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Incidence Rises for Individuals Under Age 50

Colorectal cancer is being detected more often in individuals younger than age 50. Cancers of the colon and rectum combined rank as the second most common cause of cancer death in the United States among men and women in total, according to the American Cancer Society.

The incidence of colon and rectal cancer in people under age 50 has climbed 2% each year since 2011, with rates also climbing for those ages 50-64, according to data released in CA: A Cancer Journal for Clinicians, a bi-monthly, peer-reviewed medical journal published for the American Cancer Society. The organization estimates that in the U.S., 151,030 colorectal cancer cases (106,180 colon, 44,850 rectal) will be diagnosed in 2022, with an anticipated 52,580 deaths.

The need for colorectal screening is more important than ever, according to John Rabine, M.D., medical director and division head of Gastroenterology for Sinai Hospital of Baltimore. Regular screening for colorectal cancer, as well as precancerous lesions called polyps, help detect the disease in early stages or before it even develops. In the past few years, the American Cancer Society and multiple gastroenterology societies have lowered the recommended age for colorectal cancer screening to 45 years.

Testing for Colorectal Cancer

Several methods are used for screening for colorectal cancer.

Colonoscopy – Considered the gold standard, the primary test for colorectal screening is a colonoscopy. This test, administered while patients are sedated, evaluates the large intestine (colon) and rectum for signs of precancerous lesions. Polyps may be removed during the procedure, eliminating their potential to develop into cancer. During the 15-minute procedure, physicians also may choose to biopsy questionable lesions. If cancer is detected, most often it is early stage and treatable.

Unlike other cancer screening exams that detect cancer, like mammograms, pap smears and rectal exams, the colonoscopy also is used to prevent cancer, according to Dr. Rabine. “The phrase colon cancer screening is a bit of a misnomer. It’s really colon cancer prevention, or colon polyp screening.,” he says. “Whereas a prostate exam or a mammogram is meant to find a bump early when it’s only a stage one or two cancer, the purpose of a colonoscopy is to find precancerous polyps and remove them so that they can never grow into a cancer in the first place.”

The colonoscopy is repeated every 10 years for patients with average-risk and covered by insurance. It is performed more frequently when precancerous polyps are identified and for patients with risk factors for colorectal cancer.

Stool Tests – The fecal immunochemical test (FIT) uses antibodies to detect blood in the stool. Another stool test, Cologuard, also evaluates DNA found in the stool for genetic changes that could indicate colon cancer or precancerous conditions. These tests are administered at home and mailed away for evaluation. FIT and Cologuard tests are repeated more often, every one to three years. Insurance coverage varies for these tests.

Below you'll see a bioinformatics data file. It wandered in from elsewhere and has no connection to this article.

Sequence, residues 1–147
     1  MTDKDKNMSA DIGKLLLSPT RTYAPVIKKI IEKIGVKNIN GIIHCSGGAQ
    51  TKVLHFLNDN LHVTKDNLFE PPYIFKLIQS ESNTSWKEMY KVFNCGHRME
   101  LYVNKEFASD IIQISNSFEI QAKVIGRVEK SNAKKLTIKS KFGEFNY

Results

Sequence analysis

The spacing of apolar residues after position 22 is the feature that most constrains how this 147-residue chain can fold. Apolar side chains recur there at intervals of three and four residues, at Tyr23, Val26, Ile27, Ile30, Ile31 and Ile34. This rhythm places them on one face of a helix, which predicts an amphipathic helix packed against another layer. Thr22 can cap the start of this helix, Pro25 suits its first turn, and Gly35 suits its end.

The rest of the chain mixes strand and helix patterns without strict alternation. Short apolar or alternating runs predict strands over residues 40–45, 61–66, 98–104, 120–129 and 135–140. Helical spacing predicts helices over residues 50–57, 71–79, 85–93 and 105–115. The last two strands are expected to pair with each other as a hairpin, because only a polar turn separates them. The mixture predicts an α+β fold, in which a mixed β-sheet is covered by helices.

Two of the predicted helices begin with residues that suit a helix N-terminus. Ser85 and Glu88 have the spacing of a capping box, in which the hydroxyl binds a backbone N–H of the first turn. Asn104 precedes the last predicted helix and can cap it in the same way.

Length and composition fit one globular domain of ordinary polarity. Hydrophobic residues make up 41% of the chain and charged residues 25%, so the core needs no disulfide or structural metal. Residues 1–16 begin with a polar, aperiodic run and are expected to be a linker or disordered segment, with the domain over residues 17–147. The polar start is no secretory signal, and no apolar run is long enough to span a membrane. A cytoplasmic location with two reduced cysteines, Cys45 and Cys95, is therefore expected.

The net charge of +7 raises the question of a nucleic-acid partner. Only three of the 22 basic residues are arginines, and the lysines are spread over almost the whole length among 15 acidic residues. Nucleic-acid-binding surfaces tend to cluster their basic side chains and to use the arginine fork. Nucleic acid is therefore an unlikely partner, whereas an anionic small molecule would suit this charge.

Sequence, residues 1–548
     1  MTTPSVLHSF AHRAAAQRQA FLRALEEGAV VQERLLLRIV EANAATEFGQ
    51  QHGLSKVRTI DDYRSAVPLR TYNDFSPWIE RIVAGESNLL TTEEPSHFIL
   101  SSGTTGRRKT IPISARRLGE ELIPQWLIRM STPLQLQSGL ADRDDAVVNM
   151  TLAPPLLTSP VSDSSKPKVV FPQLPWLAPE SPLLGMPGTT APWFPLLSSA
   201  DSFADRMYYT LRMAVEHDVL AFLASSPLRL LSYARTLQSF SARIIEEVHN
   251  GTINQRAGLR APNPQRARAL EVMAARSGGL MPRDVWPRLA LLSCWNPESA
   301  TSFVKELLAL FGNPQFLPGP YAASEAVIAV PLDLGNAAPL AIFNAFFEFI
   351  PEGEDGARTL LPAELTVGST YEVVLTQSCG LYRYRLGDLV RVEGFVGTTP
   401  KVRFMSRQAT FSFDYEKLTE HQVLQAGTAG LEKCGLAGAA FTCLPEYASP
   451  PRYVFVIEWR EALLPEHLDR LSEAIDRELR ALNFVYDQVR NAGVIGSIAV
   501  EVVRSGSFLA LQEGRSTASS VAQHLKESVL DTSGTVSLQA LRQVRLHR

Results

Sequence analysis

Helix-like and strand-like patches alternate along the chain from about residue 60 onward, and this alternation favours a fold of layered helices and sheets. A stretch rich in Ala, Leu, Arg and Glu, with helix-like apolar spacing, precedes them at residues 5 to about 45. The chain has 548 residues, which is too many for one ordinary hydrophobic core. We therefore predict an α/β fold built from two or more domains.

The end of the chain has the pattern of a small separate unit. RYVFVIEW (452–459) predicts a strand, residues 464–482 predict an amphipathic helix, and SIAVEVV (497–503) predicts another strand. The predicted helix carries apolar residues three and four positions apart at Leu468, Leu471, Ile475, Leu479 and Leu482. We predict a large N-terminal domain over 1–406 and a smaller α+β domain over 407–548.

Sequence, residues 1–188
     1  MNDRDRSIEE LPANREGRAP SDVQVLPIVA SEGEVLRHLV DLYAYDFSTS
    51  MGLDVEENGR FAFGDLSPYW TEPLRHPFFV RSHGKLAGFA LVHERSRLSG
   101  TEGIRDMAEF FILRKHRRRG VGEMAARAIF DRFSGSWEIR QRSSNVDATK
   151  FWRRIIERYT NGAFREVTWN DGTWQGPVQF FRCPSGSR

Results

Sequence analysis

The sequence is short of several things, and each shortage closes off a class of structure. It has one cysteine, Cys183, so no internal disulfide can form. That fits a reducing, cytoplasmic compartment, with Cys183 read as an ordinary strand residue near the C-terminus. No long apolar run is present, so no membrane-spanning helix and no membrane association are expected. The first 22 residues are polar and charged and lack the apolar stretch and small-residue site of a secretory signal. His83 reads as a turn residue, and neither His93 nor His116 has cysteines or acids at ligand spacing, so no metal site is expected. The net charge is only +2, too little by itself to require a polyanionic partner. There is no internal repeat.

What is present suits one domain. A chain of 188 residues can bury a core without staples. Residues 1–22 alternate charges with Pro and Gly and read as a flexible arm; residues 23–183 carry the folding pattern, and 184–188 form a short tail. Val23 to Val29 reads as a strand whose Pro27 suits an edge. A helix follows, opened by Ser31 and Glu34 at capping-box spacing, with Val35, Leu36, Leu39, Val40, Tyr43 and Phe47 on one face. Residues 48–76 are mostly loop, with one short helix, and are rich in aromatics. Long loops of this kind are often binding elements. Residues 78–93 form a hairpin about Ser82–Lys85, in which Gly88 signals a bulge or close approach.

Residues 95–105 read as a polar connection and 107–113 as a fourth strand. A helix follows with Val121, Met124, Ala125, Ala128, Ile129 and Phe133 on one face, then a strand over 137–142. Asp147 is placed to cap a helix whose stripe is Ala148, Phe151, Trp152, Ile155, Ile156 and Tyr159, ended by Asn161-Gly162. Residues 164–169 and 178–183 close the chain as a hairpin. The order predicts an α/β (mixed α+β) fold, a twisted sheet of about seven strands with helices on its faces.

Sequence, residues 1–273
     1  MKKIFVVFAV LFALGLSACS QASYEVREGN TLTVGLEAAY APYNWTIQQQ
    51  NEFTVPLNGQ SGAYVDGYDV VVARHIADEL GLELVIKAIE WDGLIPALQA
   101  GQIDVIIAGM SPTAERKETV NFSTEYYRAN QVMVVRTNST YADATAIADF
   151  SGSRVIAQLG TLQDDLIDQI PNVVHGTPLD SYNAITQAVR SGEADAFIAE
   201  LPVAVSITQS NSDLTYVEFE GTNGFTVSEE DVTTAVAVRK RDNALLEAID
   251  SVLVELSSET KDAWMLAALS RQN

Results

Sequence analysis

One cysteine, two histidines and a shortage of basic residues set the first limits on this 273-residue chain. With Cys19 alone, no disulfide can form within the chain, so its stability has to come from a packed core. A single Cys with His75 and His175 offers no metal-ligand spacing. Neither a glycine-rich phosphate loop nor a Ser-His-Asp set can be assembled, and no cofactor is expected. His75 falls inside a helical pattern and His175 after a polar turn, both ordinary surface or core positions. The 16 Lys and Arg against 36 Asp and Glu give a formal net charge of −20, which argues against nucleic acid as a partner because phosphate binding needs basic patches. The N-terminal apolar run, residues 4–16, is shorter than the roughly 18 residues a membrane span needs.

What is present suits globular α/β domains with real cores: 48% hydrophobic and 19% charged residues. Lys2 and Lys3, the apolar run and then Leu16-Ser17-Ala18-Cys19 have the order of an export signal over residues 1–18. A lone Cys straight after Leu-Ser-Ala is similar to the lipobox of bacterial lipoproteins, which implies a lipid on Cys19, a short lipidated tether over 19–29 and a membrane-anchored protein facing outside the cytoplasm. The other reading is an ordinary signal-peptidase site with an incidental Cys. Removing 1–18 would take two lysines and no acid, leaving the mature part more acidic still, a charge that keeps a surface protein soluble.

The stool test is best used in between colonoscopies. Some patients, however, choose this method instead of undergoing a medical procedure. The colonoscopy requires a “prep,” which cleans out the colon prior to the procedure so they physician can have the best view. This involves consuming a drink that induces diarrhea and may be unpleasant.

“I tell patients that it’s much easier than the stomach flu or food poisoning, which can last a day or two or even longer,” says Dr. Rabine. “Colonoscopy prep is just bad diarrhea that only lasts four to six hours. A few hours of diarrhea to lower your risk of a leading cause of cancer is a small price to pay.”

Reasons for Testing

Age is not the only indicator for a colorectal cancer screening. As the disease often goes undetected without signs or symptoms, individuals in their 20s and 30s with risk factors should be screened.

Family history – If relatives have had colon cancer, the risk increases.

Personal history – Patients who previously battled colorectal cancer or had polyps removed, or had prior belly or pelvis radiation treatments, should test earlier than age 45 and more often.

Anemia – Iron deficiency can be a sign of colorectal cancer.

Bloody stool or rectal bleeding – Bleeding can indicate hemorrhoids or a more serious condition like colorectal cancer.

“It’s important for patients to realize that 45 is when you should get looked at if you have no symptoms. But even if you’re younger and seeing blood in the stool, you want to go ahead and get a colonoscopy early,” Dr. Rabine says. “It also pays to know your family history and realize that you may benefit from being evaluated at an unusually young age.”

Be Proactive – Schedule a Screening

The majority of colorectal cancer diagnoses come in patients over age 50, according to Dr. Rabine. Often, the patient has delayed testing.

“You don’t want to be the one who you could have prevented it,” Dr. Rabine says. “It’s a sad thing to end up with cancer because you didn’t make time for screening.”

Call 410-601-WELL to schedule a screening or to learn more about all other services offered by LifeBridge Health, including specialty care and community events.